It’s not that I mind puppies . . .

While I write this, Chester is sitting on the window ledge, watching the dogs in the yard and shouting out encouragement or disapproval as the occasion demands. Mainly disapproval.

I know I said we’d have puppies in January, but it doesn’t mean there aren’t puppies here now. The current banes of my life are a bumbling 5-month old called Tony, Mel and Glen’s youngest daughter Mog - she’s about 5 months old, and Maddie and Glen’s daughter Maeve who, it seems to me, has been here for ever, but she keeps getting bigger so she must only be about a year old. Oh yes, and Doris. Doris is a newcomer, and she’s about six months old now. Tony has a smooth coat, the girls all have rough coats (anything tidy would be a waste) and all four are tri-coloured collies; it’s so monotonous.

Me? I’m a warm mahogany with rich autumn gold highlights and a charcoal mask. Sometimes the collies have charcoal masks but, in their case, it is ACTUALLY charcoal.

It’s not that I mind puppies; it’s just that they’re uncoordinated – they have no idea where their great clumsy feet are going, and I challenge any civilised dog to keep his fur clean in weather like this, surrounded by a mob like that. Now I’m as practical about mud as the next dog, but I prefer to be the one who chooses when I’m to get covered in it.

Maeve and one of the boys, Eli, have always been best mates and this morning Mog wants to join their gang. Mog doesn’t know the rules of Big Dog games yet (I’m assuming they have rules?) so Maeve has recruited Mog against Eli. Mog hangs on his ear to slow him down, while Maeve swings about on his tail, and they all go hurtling around the place until either Mog or Maeve loses her grip and spins into the mud. It doesn’t matter which one lands first because the other one joins her in any case. Then Eli piles in on top and the whole thing starts again. The only clean bit of those dogs is the grin.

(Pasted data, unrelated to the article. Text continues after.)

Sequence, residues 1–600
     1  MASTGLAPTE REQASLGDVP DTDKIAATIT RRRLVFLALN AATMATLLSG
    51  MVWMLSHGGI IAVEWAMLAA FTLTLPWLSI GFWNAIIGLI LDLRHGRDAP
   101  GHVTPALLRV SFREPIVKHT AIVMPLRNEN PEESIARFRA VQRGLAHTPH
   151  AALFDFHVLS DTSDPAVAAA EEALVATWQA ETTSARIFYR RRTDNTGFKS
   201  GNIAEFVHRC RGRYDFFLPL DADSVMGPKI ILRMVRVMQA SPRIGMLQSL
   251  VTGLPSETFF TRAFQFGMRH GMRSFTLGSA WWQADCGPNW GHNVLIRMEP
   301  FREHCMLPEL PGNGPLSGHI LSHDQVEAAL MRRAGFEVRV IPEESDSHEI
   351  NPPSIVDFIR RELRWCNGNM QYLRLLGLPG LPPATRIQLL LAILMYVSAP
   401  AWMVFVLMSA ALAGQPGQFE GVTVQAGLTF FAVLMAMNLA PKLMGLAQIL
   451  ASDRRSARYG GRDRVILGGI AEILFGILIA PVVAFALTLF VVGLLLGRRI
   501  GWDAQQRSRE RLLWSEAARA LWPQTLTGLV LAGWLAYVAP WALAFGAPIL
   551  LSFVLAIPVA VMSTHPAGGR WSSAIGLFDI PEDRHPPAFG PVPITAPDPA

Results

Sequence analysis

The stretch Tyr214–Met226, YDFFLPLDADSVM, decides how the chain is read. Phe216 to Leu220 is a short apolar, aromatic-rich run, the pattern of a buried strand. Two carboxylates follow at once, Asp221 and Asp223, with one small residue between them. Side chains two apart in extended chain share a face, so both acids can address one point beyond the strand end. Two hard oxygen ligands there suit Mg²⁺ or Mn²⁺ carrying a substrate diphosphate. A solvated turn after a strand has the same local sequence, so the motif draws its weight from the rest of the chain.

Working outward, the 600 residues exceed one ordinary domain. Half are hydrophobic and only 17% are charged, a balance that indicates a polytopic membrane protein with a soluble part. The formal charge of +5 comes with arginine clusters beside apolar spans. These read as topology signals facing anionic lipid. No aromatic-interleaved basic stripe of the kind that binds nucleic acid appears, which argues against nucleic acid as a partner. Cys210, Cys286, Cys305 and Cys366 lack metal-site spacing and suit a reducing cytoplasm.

I’ll say this for Border collies – they really can smile. Of course, most of the time they haven’t a clue what they’re smiling about.

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And as though border collies weren’t enough . . .

Great Dane Lily
Lily the Great Dane

There are two other dogs here that aren’t sheepdogs. Lily is a Great Dope (I mean, Great Dane) and Eris is a half-Deerhound lurcher. Eris (whose name is borrowed from the Greek goddess for strife and dischord – and I’m not surprised) thinks it’s funny to follow me about, ruffling my fur and pretending to bite me.  Lily wouldn’t dare to even pretend.

Deerhound lurcher - Eris
Deerhound lurcher - Eris

In fact, Lily’s very easily intimidated, especially if you have sharp little teeth and a natural air of authority (such as moi) or a beak. At mealtimes she’s usually fed, weather permitting, in the garden. As soon as the dish is in place the local gang of magpies and jackdaws (and a motley one who looks like a cross between the two) gather on the fence and gateposts, watching her. They seem quite casual at first, almost surprised to see her, “What? You here again, old thing? No, don’t stop, don’t you mind us.” But poor Lily looks self-conscious and less hungry, especially when the birds start to move in closer, invading her personal space. Eventually she gives up and steps back, which is the cue for the birds to move in and take what they want from her dish.

Credit where it’s due, Gilbertson & Page’s Dr John Gold has reared several generations of magnificent jackdaws, but they don’t get a mention on the bag!

I think Eris would have indigestion if jackdaws watched her while she was eating. Gill says that Eris has a sense of humour and that she’s the prettiest thing with a beard on the farm. I don’t have a beard – obviously.